• A direct burial, which happens shortly after death and usually does not include embalming or a viewing. Funeral home services may include transporting the body and holding a graveside service.
  • A direct cremation, which occurs without embalming. Fees are charged for a container for cremation and crematory services. There is generally no viewing, although a memorial service is optional.
  • A military funeral, which may be handled by a funeral home and has fewer fees.


The family meets with the funeral director to discuss the options and choose a type of funeral and the services desired. Once the family signs a contract, the funeral home will make arrangements to transport the body to its facility and handle embalming, as requested. The funeral director will help with each aspect of the funeral arrangements to ensure the process is as simple as possible for the family.

Selecting a Casket or Other Burial Container

According to AARP, the casket is the most expensive element of a traditional funeral. There are many styles, sizes and types available. Common materials include wood, metal, fiberglass or heavy-duty plastic. The casket can be purchased directly from the funeral home or through specific casket retailers. Some cemeteries also sell them to the general public. In addition to the casket, most cemeteries also require a grave liner or a vault to be purchased when burying the body. It is placed within the grave to support the surrounding ground. Grave liners are also available through the funeral home or the cemetery.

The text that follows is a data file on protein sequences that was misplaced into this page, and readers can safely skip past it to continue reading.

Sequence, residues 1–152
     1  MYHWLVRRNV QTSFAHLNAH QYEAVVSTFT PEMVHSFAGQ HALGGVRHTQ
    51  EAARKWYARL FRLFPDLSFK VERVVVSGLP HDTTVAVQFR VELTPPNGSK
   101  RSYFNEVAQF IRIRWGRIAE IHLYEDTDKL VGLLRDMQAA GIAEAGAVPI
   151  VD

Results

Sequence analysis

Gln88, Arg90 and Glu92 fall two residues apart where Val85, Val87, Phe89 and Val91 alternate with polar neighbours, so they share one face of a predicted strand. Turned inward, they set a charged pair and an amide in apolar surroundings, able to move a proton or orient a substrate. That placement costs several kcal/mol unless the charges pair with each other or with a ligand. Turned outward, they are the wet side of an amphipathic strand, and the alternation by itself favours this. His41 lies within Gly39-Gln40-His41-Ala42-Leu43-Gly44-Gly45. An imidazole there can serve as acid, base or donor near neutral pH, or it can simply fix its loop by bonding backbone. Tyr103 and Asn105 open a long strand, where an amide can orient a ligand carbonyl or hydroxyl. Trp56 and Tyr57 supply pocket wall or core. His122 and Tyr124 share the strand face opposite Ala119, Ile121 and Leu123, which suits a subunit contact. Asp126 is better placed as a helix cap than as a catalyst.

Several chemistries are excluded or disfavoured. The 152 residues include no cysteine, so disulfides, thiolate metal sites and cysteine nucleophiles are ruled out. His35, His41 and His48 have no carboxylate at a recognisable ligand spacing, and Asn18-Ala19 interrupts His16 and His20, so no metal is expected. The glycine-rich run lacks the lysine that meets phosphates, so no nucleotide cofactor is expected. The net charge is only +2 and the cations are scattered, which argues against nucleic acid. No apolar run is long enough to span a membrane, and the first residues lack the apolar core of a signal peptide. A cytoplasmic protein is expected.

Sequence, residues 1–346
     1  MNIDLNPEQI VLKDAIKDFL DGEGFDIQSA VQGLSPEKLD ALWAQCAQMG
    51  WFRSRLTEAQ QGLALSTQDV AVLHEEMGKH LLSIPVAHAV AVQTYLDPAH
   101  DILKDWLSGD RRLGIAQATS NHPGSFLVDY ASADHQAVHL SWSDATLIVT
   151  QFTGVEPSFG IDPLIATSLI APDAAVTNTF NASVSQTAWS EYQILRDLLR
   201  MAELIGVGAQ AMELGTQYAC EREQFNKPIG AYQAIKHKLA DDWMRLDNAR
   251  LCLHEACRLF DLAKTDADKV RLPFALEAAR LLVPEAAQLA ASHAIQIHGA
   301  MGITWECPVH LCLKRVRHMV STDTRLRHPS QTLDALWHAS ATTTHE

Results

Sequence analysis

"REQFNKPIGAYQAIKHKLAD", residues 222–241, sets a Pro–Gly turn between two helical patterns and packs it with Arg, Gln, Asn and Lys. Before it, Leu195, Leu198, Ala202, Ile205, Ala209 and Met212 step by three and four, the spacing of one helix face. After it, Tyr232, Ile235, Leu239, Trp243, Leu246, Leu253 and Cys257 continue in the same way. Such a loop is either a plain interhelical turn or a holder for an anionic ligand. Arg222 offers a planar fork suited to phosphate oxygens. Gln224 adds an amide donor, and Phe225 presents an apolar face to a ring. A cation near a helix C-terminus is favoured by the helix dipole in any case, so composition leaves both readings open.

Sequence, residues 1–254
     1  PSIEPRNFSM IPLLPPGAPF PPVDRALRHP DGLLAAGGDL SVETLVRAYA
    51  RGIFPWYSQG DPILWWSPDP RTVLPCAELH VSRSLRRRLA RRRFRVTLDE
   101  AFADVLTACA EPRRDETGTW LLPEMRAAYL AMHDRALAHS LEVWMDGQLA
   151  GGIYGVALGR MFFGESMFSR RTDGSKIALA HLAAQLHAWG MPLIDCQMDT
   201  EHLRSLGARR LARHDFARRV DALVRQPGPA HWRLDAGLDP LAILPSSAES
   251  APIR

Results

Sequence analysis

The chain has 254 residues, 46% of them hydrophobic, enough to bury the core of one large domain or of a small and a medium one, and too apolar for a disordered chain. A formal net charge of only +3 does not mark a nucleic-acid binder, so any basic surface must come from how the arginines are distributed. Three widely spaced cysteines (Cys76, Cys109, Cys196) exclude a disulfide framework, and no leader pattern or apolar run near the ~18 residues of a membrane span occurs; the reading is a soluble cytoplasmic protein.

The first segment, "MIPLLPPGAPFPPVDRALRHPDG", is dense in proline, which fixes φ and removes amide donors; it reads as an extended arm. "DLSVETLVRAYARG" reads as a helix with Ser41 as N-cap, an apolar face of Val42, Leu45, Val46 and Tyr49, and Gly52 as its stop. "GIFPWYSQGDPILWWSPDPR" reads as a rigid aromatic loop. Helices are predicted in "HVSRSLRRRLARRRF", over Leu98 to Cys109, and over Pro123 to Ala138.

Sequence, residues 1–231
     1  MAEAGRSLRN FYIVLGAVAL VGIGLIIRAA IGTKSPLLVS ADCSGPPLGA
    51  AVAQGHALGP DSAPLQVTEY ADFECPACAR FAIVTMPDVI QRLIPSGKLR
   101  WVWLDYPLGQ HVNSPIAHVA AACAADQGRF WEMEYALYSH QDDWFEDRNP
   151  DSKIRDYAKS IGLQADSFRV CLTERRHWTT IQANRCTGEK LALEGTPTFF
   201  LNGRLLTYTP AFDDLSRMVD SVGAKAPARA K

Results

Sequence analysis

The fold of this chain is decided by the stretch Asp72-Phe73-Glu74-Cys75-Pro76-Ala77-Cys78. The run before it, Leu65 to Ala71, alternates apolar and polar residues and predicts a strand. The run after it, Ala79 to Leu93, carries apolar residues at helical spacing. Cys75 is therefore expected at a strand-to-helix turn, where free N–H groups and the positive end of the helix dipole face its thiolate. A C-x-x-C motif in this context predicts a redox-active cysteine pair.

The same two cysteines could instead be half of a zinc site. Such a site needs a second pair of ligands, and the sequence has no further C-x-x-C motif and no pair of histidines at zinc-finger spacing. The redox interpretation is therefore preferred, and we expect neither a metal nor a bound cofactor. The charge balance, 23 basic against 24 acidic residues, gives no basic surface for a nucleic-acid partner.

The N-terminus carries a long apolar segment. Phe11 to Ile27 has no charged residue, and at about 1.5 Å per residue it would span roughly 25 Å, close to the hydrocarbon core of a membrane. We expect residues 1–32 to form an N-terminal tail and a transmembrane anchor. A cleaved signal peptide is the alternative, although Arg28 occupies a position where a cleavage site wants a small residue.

A less expensive container, such as an unfinished wood box, can be purchased for the body during cremation. An urn or other container is needed for the ashes after cremation. Funeral providers may provide an initial urn as part of their fee, or one may be purchased from them or a third-party provider.

Other Funeral Arrangements

Depending on the religious affiliation of the family, other funeral arrangements may be planned. A funeral service may be arranged by a family priest or church, or the funeral director may provide a service themselves. The religious representative and the funeral director will correlate plans with the family to plan each aspect of the service, including items like prayer services, masses, the ceremonies and receptions afterward.